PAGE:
It was a week to forget.
Cathy was working hard and training a new employee. She was enduring long meetings. She and her husband had just moved into a new house. And they were set for a trip to Italy in 2 weeks.
"I had too much to do and too little time," Cathy says. "That means stress. And when I start stressing, my back starts aching. Before I knew it, my back was screaming at me."
Cathy has lived with back pain for years and knows how to deal with it. She finds time for stretches or exercises. She takes breaks at work.
But this time, Cathy felt too busy to find time. And she paid for it.
"I knew it was time to do something," Cathy remembers. "And I had to deal with both my back pain and my stress. Otherwise, Italy would be a nightmare."
Cathy took some aspirin for her back. She iced her back in the morning and evening. She put reminders on her computer to change positions and get up and stretch.
And for stress, she got on her bike.
Cathy explains, "I've always used exercise to relieve stress, so getting out on my bike takes some of the pressure away. But cycling is also good for my back."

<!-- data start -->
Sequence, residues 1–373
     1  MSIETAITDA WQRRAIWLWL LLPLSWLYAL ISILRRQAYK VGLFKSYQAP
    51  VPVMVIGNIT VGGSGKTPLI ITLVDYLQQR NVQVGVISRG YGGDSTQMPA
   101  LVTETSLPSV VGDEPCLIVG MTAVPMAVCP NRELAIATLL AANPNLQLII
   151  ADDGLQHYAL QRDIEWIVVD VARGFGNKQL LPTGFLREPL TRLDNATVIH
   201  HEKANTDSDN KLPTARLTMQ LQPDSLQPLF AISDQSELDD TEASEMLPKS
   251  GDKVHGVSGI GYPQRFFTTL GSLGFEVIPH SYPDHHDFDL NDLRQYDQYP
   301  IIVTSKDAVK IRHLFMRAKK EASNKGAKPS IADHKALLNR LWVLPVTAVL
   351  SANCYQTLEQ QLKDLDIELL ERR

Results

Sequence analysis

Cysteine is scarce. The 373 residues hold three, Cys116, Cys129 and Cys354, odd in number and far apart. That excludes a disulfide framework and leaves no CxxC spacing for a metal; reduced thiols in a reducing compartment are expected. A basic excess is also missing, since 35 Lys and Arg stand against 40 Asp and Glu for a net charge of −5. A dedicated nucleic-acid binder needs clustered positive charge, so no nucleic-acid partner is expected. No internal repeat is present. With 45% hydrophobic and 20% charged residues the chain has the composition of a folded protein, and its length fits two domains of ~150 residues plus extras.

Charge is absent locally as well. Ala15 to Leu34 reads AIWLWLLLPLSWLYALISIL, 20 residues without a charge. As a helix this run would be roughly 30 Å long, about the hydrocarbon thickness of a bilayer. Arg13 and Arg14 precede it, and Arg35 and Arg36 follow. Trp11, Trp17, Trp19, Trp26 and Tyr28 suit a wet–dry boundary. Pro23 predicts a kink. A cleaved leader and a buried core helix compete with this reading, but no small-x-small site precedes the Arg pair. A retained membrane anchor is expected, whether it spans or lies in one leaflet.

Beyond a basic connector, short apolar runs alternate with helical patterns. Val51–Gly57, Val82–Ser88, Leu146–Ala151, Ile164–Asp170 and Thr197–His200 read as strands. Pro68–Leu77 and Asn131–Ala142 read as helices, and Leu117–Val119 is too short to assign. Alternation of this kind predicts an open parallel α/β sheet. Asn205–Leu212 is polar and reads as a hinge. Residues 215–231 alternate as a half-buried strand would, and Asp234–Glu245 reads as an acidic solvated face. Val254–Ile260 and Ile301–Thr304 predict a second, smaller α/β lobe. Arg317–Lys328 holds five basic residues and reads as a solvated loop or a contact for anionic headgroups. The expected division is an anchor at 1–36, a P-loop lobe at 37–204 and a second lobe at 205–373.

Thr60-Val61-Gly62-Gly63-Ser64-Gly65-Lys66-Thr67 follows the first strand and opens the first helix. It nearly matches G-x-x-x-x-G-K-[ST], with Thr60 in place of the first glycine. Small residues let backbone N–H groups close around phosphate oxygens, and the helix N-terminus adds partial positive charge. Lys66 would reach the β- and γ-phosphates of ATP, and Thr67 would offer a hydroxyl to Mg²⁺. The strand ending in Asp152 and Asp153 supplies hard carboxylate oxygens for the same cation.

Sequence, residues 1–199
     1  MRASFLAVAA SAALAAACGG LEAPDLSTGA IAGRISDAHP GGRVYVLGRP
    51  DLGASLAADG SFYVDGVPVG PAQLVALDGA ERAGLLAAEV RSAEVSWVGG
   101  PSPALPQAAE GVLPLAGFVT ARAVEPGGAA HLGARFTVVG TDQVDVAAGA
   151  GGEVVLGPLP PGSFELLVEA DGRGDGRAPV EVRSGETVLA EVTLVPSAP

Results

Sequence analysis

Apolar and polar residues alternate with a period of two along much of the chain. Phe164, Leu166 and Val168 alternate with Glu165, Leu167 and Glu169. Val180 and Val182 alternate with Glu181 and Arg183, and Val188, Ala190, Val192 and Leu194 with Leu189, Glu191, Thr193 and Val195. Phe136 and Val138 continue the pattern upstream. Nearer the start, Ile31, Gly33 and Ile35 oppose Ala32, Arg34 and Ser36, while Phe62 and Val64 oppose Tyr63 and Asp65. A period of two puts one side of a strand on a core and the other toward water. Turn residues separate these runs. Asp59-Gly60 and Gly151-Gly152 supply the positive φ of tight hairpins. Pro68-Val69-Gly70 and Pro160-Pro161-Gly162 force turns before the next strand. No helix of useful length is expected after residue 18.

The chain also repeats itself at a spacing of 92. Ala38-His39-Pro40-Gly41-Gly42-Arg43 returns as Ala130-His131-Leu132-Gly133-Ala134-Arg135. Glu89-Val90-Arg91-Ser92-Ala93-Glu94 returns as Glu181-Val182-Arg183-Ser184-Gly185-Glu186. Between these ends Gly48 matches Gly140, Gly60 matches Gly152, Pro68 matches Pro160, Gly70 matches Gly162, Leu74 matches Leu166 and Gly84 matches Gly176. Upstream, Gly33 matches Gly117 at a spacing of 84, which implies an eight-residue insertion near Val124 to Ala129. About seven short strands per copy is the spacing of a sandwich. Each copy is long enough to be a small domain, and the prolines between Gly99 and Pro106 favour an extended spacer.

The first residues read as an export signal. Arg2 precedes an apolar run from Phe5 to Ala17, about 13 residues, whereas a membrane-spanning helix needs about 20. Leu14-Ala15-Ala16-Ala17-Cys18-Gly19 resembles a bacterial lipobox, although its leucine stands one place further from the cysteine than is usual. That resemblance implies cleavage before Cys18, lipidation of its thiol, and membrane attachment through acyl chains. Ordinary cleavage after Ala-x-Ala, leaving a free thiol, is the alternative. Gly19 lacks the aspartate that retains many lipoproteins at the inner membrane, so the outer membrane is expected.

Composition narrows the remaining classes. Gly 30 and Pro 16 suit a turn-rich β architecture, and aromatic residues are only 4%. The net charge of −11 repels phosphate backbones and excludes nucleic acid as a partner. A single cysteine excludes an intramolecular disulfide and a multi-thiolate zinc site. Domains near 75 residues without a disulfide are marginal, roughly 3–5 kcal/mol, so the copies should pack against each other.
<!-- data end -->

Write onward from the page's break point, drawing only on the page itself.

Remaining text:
Road cycling keeps Cathy's back in a comfortable position and also makes muscles in her back stronger. Stronger muscles mean a stable spine. This can reduce and help prevent back problems.
Cathy broke the pattern. She knew that making time to deal with her stress and back pain would save her time in the long run. Her back pain began to melt away. She started to look forward to her upcoming Italian vacation. She was once again living la dolce vita—the sweet life.
This story is based on information gathered from many people living with low back pain.
For more information, see the topic:
Primary Medical Reviewer William H. Blahd, Jr., MD, FACEP - Emergency Medicine
Donald Sproule, MDCM, CCFP - Family Medicine
Adam Husney, MD - Family Medicine
Kathleen Romito, MD - Family Medicine
Robert B. Keller, MD - Orthopedics
Current as ofNovember 29, 2017